In an era when manufacturing is perceived by many to be in steady decline, some Portland-Vancouver area employers say they have more manufacturing jobs than workers ready and willing to build their products.
That message came through at a Thursday forum held at the Red Lion Hotel at Portland’s Jantzen Beach and sponsored by a partnership of manufacturers and workforce training programs. Speakers at the 90-minute forum said that even with plenty of applicants for some manufacturing jobs, they’re finding too few who have the skills or the aptitude to work in what can be a demanding field.
The current scarcity of qualified workers is a far cry from the severe job shortage in 2008, said Ken Madden, vice president of sales and marketing at Madden Industrial Craftsmen, an industrial staffing service with an office in Vancouver. But the recovering economy revealed fundamental problems in preparing workers for manufacturing jobs, he said. An upturn in the economy can create “a crisis mode,” Madden said, adding “that is kind of where we are today.”
Said Chris Scherer, president of the nonprofit Oregon Manufacturing Extension Partnership: “The number one problem holding us back from growing our industry is access to skilled workers.”
More than 100 people attended the breakfast session, and most raised their hands when asked if they represented an employer. The Oregon Manufacturing Extension Partnership and Portland-area workforce programs, including the Southwest Washington Workforce Development Council in Vancouver, sponsored the event.
Some consistent themes emerged in presentations by job-training program officials and business panelists at the session. They included: Manufacturing suffers from a poor image or is little-known as a professional option among many prospective workers; the industry has not done enough to reach out to women, veterans and unemployed people who could be a deep pool of manufacturing labor; employers need to develop more apprenticeship and training programs to attract and prepare workers for manufacturing jobs; and better coordination is needed between manufacturers and public, private, and educational training programs.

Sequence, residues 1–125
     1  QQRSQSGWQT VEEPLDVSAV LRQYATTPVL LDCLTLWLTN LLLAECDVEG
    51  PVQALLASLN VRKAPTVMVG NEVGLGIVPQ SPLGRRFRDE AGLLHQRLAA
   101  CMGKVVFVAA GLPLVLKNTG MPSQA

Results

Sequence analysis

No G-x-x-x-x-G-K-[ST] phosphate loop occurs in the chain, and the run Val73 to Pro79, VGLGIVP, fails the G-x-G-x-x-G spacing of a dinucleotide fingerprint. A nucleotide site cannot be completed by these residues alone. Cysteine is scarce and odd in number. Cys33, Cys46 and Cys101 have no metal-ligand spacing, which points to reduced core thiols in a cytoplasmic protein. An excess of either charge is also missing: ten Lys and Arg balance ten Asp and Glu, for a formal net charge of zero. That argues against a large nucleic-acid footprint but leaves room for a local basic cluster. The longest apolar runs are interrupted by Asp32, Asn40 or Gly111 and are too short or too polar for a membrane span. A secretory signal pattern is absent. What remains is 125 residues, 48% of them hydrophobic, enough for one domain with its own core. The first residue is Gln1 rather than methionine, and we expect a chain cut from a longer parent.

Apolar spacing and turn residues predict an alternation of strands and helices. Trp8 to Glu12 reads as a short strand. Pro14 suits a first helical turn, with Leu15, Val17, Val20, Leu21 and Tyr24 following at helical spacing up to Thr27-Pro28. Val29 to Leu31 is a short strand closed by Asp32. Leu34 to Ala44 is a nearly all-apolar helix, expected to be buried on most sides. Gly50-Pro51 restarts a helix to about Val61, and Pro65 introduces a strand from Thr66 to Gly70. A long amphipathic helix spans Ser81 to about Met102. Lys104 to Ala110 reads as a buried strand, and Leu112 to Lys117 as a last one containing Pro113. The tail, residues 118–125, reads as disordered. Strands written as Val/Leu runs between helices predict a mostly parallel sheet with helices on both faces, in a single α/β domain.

Julie Hugo, learning and development coordinator at Blount International of Milwaukie, Ore., said not enough applicants for jobs at the outdoor goods manufacturer have skills necessary for the jobs they seek.
“If you’re not showing up and getting along with your co-workers, that’s a problem,” she said.
But the cyclical nature of manufacturing employment presents a significant obstacle for those prospective workers who are seeking a financially secure future, acknowledged Lynn Stephan, a training and development manager at Microchip Technology, a major manufacturer in Gresham, Ore. In many manufacturing industries, “you put on the gas, you put on the brakes,” she said.
In a discussion of solutions, a top executive at Vancouver-based Silicon Forest Electronics urged businesses to become actively involved in grass-roots activities, including participating in partnerships with local workforce training programs, schools, and even families of employees. He cited the Vancouver-based education nonprofit nConnect, an outgrowth of industrial laser manufacturer nLight, as one example of how manufacturing industry leaders can build connections with their communities.
Scherer, of the Oregon Manufacturing Extension Partnership, said forums like the Thursday session are invaluable to those working in the field of business development. “We cannot deliver the products and services that meet your needs without your engagement,” he told the industry representatives in the audience.